The Swier Law Firm Family Law FAQs

The Swier Law Firm Family Law FAQs


Have questions? We have answers! Our South Dakota attorneys answer the questions they hear most often from clients just like you.

  • Page 10
  • How does a South Dakota court determine the child’s “primary caretaker”?

    A child’s “primary caretaker” is determined by reviewing which parent invested the predominant time, care, and consistency in raising the child. This can be shown by (1) spending time with the child; (2) preparing meals; (3) playing; (4) attending to medical care; (5) choosing clothing; (6) , involvement in school; (7) attending the child’s extracurricular activities; (8) reading to the child; (9) preparing birthday parties; (10) knowing the pediatrician; (11) consistent disciplining; (12) arranging transportation; and (13) providing appropriate clothing, foods and toys. 

  • How does a South Dakota court determine parental “stability”?

    Some of the facts a court looks at to determine “stability” are: (1) the relationship and interaction of the child with the parents, step-parents, siblings and extended families; (2) the child’s adjustment to home, school and community; (3) the parent with whom the child has formed a closer attachment; and (4) continuity. 

  • How does a South Dakota court determine “parental fitness”?

    Some of the facts a court looks at to determine “parental fitness” are: (1) parent’s mental and physical health; (2) parent’s ability to provide the child with protection, food, clothing, medical care, and other basic needs; (3) parent’s ability to give the child love, affection, guidance, education and to impart the family’s religion or creed; (4) parent’s willingness to maturely encourage and provide frequent and meaningful contact between the child and the other parent; (5) parent’s commitment to prepare the child for responsible adulthood, as well as to insure that the child experiences a fulfilling childhood; and (6) parent’s exemplary modeling so that the child witnesses firsthand what it means to be a good parent, a loving spouse, and a responsible citizen.  

  • In South Dakota, what is a “shared parenting plan”?

    Under a “shared parenting plan,” the parents agree that the minor child will reside no less than one hundred eighty nights per calendar year in each parent’s home, and that the parents will share the duties and responsibilities of parenting the children and the expenses of the children in proportion to their incomes. 

  • In South Dakota, what is “joint legal custody”?

    In any custody dispute between parents, a court may order “joint legal custody.” This arrangement allows both parents to maintain full parental rights and responsibilities. It also requires that both parents confer on, and participate in, major decisions affecting their child.

    In ordering joint legal custody, a court may consider the parent’s desires and may provide to one parent the ultimate responsibility over specific aspects of the child’s welfare. A court may also divide these aspects between the parents based on the child’s best interests. If it appears to be in the child’s best interests, the court may order, or the parties may agree, how these responsibilities will be divided.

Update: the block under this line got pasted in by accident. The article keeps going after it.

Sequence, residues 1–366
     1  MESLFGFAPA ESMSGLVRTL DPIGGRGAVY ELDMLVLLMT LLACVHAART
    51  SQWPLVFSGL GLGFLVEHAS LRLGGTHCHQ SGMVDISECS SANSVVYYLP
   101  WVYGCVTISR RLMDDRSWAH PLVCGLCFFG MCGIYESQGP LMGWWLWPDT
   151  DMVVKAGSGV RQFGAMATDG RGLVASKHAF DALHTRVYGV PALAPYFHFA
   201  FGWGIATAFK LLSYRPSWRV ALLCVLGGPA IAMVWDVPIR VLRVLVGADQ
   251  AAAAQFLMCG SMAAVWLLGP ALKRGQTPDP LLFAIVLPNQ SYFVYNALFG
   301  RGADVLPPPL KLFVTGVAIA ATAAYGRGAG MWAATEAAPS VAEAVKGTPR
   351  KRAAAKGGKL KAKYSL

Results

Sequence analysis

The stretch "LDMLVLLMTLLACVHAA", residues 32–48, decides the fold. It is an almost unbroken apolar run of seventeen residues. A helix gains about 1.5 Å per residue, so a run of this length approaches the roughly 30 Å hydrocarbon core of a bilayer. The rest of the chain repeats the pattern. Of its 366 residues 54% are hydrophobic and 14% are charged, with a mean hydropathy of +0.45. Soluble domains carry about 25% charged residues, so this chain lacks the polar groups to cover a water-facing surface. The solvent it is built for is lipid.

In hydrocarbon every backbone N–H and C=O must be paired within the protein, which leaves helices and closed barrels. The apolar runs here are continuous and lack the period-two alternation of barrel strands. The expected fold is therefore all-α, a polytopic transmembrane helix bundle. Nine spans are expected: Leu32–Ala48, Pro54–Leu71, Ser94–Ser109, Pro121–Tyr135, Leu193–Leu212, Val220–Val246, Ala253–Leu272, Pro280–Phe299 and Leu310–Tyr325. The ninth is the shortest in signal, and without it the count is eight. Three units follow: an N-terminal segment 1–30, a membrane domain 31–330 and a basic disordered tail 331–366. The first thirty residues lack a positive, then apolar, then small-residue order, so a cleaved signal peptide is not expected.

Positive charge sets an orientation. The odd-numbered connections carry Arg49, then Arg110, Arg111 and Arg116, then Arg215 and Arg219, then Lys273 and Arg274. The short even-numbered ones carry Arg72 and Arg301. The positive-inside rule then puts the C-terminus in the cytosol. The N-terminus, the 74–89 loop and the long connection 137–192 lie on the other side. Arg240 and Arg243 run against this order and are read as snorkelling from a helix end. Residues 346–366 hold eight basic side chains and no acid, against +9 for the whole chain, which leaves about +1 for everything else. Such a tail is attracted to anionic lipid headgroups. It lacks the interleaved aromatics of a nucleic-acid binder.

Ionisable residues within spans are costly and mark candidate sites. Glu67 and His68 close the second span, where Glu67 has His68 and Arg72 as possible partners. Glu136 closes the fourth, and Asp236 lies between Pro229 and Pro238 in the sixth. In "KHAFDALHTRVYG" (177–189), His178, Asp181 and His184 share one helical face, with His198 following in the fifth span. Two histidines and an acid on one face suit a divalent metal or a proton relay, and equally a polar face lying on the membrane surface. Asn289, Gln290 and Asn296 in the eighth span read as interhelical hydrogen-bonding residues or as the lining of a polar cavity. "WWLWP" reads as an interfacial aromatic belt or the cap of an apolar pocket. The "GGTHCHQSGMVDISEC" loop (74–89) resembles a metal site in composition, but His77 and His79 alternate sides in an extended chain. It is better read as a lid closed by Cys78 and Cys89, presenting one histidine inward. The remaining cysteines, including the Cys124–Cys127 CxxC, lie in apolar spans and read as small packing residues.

These areas of responsibility may include the child’s primary physical residence, child care, education, extracurricular activities, medical and dental care, religious instruction, the child's use of motor vehicles, and any other responsibilities which a court finds unique to a particular family or in the child’s best interests. 

  • After my South Dakota divorce is finalized, can I be given my maiden name?

    Yes. Whenever a divorce is granted, the court may, in its discretion or upon the request of either person, restore the spouse’s maiden name or the legal name used before the marriage to the spouse. 

  • In South Dakota, what is a Qualified Domestic Relations Order?

    A Qualified Domestic Relations Order (QDRO) is a judgment, decree or order for a retirement plan to pay child support, alimony or marital property rights to a spouse, former spouse, child or other dependent.

  • Is the “fault” of either spouse considered by a South Dakota court in awarding property?

    No. Fault is not to be taken into account when awarding property, except as it may be relevant to the acquisition of property during the marriage.

  • How does a South Dakota court divide property in a divorce?

    A South Dakota court divides property by considering the (1) length of the marriage; (2) value of the property owned by the spouses; (3) age of the spouses; (4) health of the spouses; (5) ability of the spouses to earn a living; (6) contribution of each spouse to accumulating the property; and (7) income-producing capacity of the property owned by the spouses.

  • Is South Dakota an “all property” divorce state?

    Yes. When a divorce is granted, a court can make an equitable (or "fair") division of the property belonging to either person, whether the title to the property is in the name of the husband or the wife.